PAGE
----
When we conceived we were truly elated! We were offered a special ultrasound to determine if the same initial indicator (the gray area) that was seen in my daughter London would be seen in this baby. As the ultrasound progressed, the technician asked us if we wanted to know the gender of the baby. It was a BOY! We were overcome with joy!
Unfortunately, the gray area that was an early indicator of London’s CF also showed up in Nathaniel’s ultrasound. It was shocking, but we chose to let the joy of discovering we were having a boy override that shock, with hopes this indicator was wrong.
The rest of the pregnancy carried on fine; and on Jan. 15, 2010, we welcomed Nathaniel into our arms.
But things did not go smoothly. While still at the hospital, Nathaniel was hardly eating and spitting up with each feeding. He also wasn’t having bowel movements. A hasty ultrasound reveled that he had developed meconium ileus, a blockage of unusually thick and sticky meconium in the small intestines.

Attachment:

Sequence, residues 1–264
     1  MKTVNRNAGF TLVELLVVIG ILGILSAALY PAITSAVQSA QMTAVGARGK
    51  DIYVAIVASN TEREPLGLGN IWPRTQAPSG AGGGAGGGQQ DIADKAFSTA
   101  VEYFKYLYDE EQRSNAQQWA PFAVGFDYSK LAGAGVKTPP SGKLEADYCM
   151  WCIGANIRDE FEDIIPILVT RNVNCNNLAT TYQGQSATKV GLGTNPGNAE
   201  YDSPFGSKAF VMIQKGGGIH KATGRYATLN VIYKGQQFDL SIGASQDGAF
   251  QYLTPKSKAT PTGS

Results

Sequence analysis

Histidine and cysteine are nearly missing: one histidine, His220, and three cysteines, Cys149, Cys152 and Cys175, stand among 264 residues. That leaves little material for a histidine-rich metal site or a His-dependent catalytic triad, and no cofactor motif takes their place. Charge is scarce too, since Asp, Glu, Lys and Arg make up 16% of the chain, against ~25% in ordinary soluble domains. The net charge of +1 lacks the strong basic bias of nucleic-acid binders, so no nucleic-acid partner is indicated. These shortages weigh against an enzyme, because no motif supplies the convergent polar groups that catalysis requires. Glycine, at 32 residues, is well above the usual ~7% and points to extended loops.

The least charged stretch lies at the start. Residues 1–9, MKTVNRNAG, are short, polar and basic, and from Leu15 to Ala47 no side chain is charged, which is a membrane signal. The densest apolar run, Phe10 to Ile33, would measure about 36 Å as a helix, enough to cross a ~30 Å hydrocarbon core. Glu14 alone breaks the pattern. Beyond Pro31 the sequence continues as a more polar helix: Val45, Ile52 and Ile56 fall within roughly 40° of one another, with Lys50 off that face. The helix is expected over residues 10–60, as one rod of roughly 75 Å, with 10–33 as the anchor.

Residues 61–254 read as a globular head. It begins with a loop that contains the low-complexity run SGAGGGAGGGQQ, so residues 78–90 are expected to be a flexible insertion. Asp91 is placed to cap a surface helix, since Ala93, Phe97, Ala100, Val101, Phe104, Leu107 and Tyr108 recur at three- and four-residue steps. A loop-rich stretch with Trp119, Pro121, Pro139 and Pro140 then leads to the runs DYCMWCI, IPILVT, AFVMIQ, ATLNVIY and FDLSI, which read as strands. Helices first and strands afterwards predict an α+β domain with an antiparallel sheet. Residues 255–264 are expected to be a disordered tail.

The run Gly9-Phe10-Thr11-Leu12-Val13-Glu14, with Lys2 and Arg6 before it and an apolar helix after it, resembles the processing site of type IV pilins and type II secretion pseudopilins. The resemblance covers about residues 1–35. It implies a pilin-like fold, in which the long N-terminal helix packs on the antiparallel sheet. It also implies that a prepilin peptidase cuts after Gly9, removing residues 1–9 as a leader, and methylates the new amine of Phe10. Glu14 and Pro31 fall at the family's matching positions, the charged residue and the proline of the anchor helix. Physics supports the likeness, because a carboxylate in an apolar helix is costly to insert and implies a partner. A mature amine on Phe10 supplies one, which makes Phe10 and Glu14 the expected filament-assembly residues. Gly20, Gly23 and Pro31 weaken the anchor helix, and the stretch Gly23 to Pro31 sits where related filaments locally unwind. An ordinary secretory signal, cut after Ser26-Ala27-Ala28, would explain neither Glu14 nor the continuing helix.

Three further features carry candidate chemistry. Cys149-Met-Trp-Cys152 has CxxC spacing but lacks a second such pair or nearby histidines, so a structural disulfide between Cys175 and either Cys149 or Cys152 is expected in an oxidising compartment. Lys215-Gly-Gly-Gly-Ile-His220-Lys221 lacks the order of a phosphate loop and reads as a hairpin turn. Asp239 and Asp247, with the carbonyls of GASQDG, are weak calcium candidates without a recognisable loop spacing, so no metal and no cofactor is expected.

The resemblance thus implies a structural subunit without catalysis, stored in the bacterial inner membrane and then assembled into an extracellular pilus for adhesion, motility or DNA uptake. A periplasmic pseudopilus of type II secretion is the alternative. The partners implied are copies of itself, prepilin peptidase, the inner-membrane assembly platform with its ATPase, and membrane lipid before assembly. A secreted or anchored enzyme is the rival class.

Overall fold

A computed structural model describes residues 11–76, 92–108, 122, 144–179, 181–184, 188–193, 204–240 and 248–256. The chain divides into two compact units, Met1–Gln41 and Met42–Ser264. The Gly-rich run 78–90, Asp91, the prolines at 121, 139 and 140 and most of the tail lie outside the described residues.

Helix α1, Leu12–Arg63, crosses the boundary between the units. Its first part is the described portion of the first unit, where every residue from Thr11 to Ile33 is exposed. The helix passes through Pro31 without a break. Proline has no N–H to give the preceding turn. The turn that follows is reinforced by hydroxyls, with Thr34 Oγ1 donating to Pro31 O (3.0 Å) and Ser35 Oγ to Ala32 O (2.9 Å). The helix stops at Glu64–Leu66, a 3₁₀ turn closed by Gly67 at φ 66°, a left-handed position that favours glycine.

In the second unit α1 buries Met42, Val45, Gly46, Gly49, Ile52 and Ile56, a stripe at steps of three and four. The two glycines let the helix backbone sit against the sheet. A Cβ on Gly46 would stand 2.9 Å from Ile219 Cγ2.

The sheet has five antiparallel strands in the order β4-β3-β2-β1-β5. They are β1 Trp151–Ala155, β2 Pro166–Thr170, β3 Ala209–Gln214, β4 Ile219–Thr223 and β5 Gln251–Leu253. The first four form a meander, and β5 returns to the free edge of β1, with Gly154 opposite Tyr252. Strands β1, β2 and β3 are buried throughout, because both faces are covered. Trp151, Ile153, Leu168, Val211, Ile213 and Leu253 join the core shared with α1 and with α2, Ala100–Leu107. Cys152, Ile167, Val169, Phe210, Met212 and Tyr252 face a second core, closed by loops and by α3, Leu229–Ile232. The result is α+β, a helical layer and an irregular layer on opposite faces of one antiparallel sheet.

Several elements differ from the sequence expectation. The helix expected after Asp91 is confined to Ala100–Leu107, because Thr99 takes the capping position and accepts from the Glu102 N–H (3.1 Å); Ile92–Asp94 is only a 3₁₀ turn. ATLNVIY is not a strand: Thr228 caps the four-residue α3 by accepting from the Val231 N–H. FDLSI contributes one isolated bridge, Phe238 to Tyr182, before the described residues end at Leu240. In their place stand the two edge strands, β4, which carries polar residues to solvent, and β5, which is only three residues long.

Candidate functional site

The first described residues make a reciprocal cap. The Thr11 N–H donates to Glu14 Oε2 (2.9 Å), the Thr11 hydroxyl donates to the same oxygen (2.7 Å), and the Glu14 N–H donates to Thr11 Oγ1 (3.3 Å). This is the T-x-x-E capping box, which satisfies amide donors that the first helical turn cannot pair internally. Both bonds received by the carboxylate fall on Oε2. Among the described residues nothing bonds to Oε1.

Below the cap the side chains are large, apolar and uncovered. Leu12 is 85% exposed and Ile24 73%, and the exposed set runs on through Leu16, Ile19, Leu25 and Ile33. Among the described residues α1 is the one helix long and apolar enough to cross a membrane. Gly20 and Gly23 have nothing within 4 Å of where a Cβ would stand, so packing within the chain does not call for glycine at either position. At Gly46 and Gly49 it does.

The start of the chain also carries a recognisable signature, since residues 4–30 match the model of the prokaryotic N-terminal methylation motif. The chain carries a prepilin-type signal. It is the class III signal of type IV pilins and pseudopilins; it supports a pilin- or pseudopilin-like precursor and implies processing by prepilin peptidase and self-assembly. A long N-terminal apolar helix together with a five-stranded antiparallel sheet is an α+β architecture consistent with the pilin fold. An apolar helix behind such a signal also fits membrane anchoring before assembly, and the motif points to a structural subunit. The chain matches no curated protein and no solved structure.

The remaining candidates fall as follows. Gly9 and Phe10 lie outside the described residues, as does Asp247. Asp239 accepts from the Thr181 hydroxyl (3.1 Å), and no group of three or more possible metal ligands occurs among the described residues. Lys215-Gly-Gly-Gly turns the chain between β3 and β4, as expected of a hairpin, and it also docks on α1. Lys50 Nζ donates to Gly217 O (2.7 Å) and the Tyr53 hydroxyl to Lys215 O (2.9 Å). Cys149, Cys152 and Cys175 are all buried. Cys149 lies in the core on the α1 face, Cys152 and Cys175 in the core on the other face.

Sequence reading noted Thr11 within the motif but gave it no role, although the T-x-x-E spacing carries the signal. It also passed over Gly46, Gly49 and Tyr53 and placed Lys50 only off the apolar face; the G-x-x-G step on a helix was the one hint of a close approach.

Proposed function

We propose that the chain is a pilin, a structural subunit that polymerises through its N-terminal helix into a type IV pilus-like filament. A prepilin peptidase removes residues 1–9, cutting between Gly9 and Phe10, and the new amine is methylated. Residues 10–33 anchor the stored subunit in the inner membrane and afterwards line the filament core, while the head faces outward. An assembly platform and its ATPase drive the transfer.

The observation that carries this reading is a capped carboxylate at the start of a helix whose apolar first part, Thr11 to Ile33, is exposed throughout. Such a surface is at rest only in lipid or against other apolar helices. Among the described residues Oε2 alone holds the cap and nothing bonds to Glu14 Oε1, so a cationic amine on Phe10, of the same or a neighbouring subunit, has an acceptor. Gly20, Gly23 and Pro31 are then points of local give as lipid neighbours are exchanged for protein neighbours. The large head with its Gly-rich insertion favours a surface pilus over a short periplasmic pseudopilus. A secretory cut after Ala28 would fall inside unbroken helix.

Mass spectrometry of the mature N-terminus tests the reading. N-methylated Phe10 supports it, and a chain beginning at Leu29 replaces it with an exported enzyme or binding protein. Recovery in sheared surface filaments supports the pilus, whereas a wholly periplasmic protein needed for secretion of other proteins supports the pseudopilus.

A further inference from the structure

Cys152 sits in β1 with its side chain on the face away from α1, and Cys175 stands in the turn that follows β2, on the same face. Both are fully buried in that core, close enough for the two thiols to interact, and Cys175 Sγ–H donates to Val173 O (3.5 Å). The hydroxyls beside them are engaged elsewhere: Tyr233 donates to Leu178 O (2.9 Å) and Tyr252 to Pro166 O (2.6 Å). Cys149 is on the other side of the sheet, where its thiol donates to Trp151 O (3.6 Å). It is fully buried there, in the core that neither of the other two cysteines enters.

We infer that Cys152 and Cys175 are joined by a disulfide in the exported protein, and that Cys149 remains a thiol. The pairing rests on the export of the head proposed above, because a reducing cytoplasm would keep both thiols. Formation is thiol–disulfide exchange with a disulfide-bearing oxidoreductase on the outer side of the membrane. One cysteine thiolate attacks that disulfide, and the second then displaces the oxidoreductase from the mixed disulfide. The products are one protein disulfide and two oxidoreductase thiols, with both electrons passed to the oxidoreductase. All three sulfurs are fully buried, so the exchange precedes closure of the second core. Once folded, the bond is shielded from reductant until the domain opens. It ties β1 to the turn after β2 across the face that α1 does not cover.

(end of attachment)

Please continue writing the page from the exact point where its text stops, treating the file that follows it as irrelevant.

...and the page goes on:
It was a sure sign of cystic fibrosis, and he was sent immediately to the NICU.
My heart SHATTERED into a million tiny pieces. How could this be? How could we have had another child with the same disease? I felt so guilty and hopeless. “Would he hate us for creating him?” I thought. I cried so much that upon leaving the hospital, my eyes were completely swollen. No one can understand the feeling of leaving the hospital without your child unless you’ve been there yourself.
At the time, I was completely devastated. But in retrospect, we were truly blessed. We had an outpouring of prayers and support! People we never knew and will never know prayed for the healing of our son. He only stayed in the NICU for 5 days! The staff said it was the fastest recovery they had ever seen! His meconium ileus had cleared up with medication, which meant there would be no need for surgery. We brought him home in a cute little outfit the NICU staff allowed us to keep.